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Jul 10, 2016

That sounds awesome, I'm an intern currently at a Development company & I'm wondering what you think the Pro's are of working at a development company vs a REPE company?

Jul 10, 2016

I'm going to go out on a limb here and say that pewpew was being sarcastic. Very sarcastic. Apologies for not being to answer your question though.

Jul 10, 2016

landlord rep leasing ----> development

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Jul 10, 2016

Brokered mortgages and worked for a developer for free on the side.

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Jul 10, 2016

2 resume submissions to their ad's, 2-3 emails (directly to the Managing Partner and a director), 2-3 calls to follow up, 6 months later I got lucky and got a call back. Just stayed on them.

Jul 10, 2016

REJunk, Did you send the 2-3 emails to Managing Partner and Director concurrent with the resume submission?

AND were those emails to MP and D unsolicited and specific as in "Here is why I would be a great fit for the Linkedin posting for XYZ position:"?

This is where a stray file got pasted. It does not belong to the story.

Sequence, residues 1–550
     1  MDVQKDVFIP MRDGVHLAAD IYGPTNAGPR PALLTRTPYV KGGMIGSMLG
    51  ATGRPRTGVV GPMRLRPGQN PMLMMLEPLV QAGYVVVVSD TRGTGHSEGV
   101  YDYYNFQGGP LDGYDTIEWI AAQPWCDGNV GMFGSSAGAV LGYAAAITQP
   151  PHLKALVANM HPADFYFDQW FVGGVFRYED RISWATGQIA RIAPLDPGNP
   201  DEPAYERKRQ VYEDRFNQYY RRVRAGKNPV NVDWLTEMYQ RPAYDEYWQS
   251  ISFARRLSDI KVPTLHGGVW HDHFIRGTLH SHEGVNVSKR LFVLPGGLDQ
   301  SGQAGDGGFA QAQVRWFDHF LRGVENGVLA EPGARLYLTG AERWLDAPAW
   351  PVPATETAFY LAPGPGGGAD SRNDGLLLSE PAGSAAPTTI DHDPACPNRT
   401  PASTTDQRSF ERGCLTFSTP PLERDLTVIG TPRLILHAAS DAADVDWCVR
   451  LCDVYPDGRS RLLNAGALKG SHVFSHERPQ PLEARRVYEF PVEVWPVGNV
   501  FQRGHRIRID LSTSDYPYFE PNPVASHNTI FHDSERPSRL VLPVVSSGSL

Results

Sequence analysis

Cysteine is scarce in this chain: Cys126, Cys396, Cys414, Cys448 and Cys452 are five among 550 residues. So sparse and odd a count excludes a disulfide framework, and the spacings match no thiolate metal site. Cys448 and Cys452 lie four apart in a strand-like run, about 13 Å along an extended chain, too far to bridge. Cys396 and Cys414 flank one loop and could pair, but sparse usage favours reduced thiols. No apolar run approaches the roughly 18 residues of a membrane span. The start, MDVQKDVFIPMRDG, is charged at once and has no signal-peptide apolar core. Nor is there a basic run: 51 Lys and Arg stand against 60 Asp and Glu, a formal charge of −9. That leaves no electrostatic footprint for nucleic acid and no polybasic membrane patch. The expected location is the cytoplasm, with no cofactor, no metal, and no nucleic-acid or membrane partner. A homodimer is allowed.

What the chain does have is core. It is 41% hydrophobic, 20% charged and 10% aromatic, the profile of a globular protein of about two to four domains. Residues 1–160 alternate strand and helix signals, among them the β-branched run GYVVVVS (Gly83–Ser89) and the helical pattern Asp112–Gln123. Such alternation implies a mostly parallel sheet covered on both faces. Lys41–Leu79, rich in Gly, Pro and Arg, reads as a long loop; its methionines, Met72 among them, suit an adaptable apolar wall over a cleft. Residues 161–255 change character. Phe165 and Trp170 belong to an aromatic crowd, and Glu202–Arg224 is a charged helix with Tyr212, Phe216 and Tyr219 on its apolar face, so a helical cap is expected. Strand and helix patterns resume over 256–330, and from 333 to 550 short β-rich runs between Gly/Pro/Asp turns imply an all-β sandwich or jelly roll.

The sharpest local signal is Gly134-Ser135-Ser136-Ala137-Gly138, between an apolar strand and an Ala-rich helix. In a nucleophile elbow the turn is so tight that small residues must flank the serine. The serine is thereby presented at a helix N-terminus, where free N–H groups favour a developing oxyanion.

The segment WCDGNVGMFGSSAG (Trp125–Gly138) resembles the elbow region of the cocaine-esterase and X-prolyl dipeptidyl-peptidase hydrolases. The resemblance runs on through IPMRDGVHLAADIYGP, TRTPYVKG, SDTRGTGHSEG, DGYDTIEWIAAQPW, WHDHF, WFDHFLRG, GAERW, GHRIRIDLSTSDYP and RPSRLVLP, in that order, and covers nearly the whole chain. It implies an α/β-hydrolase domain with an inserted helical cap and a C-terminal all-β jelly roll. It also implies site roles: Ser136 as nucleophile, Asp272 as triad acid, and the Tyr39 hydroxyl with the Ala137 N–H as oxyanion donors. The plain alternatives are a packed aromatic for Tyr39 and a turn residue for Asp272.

Jul 10, 2016

Bump because im also interested

Jul 10, 2016

I spent three years working as a commercial real estate appraiser and then got recruited.

Jul 10, 2016

Majored in finance at non-target and got a certificate in real estate while there. Last semester took an unpaid internship for a small developer. Worked 2 years in commercial real estate lending at MM bank. Applied to 7 developers/REITs/REPE, got interviews at 5, chose my current company. There's no set path. Everyone at my company has a unique path whether it was starting on the tenant side, working in brokerage, working in banking, engineering, and multiple others. Best way is to get exposure to the industry in some capacity, learn as much as you can so you know what you're talking about when you land the interviews, and most importantly, show your passion to work in the industry.

Learn More

Side-by-side comparison of top modeling training courses + exclusive discount through WSO here.